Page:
One year after signing a surprisingly large deal in free agency, Chris Ivory is a candidate to either lose playing time or be off the Jaguars entirely in 2017.
The Jacksonville Jaguars have made big changes to the defensive side of the ball since the end of the 2016 regular season, adding a handful of big name free agents who should start and contribute immediately. A.J. Bouye, Calais Campbell, and Barry Church should change the defense dramatically as they provide high end play at positions that were weaknesses last year.
Conversely, the Jaguars have not made the same kind of changes on offense – that means Blake Bortles and company will likely roll out a very similar looking group of skill position talent in 2017.
The one spot we could see a completely different rotation at is running back. Last offseason, the offense actually looked somewhat intriguing thanks to the addition of Chris Ivory in free agency. Ivory and former second round pick T.J. Yeldon looked like a solid pairing that complemented each other well in terms of skill sets.
Unfortunately, Yeldon and Ivory were arguably two of the least impressive running backs in the league in 2016. Yeldon in particular has the look of a bust after only two full seasons, but Ivory also shoulders a large portion of the blame for the unproductive running game. As Pro Football Focus recently discussed, Ivory was a huge liability as a ball carrier because of his ball security issues:
"Worse yet for Ivory, he fumbled the ball five times on 117 carries in 2016, which is a fumble 4.3 percent of the time. He tied for the league lead in running back fumbles, and the two players who also had five had 322 and 293 carries (Ezekiel Elliott and David Johnson, respectively). In the last 10 years, among running backs with at least 100 carries in a season, only Reggie Bush in 2007 (4.5 percent) fumbled the ball more often than Ivory did in 2016."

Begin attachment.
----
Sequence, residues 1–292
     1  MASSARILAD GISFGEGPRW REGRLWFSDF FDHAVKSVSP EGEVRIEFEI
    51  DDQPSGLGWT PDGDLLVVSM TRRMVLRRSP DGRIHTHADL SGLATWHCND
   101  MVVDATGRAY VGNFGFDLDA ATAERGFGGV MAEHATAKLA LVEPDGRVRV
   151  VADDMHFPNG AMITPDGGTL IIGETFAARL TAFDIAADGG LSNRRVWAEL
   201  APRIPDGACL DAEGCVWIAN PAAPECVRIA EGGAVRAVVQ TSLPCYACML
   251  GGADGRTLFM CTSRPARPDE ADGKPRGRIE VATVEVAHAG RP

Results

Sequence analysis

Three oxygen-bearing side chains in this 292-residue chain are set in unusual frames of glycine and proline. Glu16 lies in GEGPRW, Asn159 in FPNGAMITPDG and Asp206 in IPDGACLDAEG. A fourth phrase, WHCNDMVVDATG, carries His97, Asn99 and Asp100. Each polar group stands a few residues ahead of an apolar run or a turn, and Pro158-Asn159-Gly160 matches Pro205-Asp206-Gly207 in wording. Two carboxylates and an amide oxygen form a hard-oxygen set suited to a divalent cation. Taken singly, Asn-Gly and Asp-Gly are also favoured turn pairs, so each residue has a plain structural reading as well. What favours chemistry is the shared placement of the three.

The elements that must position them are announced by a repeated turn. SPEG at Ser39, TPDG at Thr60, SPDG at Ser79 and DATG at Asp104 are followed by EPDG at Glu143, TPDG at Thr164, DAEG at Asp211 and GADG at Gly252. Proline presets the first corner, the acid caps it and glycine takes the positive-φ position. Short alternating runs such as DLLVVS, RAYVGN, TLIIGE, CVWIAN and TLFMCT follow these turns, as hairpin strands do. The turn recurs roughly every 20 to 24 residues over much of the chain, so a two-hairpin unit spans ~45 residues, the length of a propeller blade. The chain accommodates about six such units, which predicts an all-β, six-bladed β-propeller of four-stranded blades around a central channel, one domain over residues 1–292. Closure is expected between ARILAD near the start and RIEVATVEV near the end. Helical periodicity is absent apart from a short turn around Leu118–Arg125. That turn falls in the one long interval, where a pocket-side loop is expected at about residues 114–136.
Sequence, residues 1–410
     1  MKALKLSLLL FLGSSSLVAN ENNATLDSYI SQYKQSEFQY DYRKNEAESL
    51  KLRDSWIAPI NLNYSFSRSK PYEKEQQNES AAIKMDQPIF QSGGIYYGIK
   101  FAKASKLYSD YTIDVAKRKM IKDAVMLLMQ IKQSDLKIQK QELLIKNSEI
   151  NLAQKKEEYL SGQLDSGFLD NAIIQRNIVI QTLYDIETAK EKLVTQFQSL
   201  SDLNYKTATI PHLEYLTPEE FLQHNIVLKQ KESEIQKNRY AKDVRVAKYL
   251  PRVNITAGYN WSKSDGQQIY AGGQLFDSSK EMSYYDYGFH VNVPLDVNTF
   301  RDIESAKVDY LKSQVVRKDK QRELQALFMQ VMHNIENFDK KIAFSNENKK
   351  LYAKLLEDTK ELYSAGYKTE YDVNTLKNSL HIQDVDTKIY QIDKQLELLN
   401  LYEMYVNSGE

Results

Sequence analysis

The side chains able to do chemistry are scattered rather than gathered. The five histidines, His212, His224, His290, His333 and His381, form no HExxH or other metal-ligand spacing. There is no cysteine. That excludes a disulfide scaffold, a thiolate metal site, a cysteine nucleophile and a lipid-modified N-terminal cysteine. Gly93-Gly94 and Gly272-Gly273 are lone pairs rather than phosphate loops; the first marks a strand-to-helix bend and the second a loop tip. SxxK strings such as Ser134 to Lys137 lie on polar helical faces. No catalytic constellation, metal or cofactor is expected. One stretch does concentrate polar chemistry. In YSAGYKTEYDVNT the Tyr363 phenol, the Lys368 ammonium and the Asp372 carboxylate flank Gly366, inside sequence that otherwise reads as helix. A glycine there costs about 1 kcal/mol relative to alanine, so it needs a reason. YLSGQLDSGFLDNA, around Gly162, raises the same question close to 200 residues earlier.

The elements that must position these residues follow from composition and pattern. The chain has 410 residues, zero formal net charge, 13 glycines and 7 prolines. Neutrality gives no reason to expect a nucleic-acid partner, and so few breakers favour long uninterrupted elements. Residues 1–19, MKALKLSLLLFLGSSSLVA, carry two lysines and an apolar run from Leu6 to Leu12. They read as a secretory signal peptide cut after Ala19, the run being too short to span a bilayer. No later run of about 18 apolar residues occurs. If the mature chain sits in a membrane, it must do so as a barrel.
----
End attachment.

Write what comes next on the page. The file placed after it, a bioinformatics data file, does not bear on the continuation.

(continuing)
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Ivory was solid in 2015 for the New York Jets, but he came to Jacksonville as an older back who relied heavily on his physicality to grind out yards. Overall he was better in terms of producing yards than Yeldon, but his injury issues cropped up yet again and his overall play didn’t merit more carries. PFF also noted that fumbling issues are usually a prelude to more poor seasons:
"High fumble rates do not bode well for future running-back usage. All told, 30 running backs in the last 10 years have recorded 100-plus carries with fumbles on at least 2.5 percent of those carries (interestingly, none did it in either 2013 or 2014, but five did in 2015). Two of those players (2008-09 Chris Perry and 2010-11 Mike Goodson) had zero carries the year after the bad fumble rate. Ivory was the only player to cross that threshold in 2016. So among the other 27 players, the average number of carries went from 159.0 in the year of the high fumble rate to 135.9 the year after."
Two things are also going against Ivory as we head towards the meat of the offseason – new executive VP of football operations Tom Coughlin is a stickler for ball security, and the Jaguars have increasingly been linked to a running back in the draft. If the Jaguars opt to go for someone like Leonard Fournette in the first round, it likely means the end of Yeldon or Ivory as a Jaguar. My guess for the odd man out in that scenario is Ivory, as his running style would seem redundant.
Ivory has an uphill battle and he might not get too many chances to show his worth.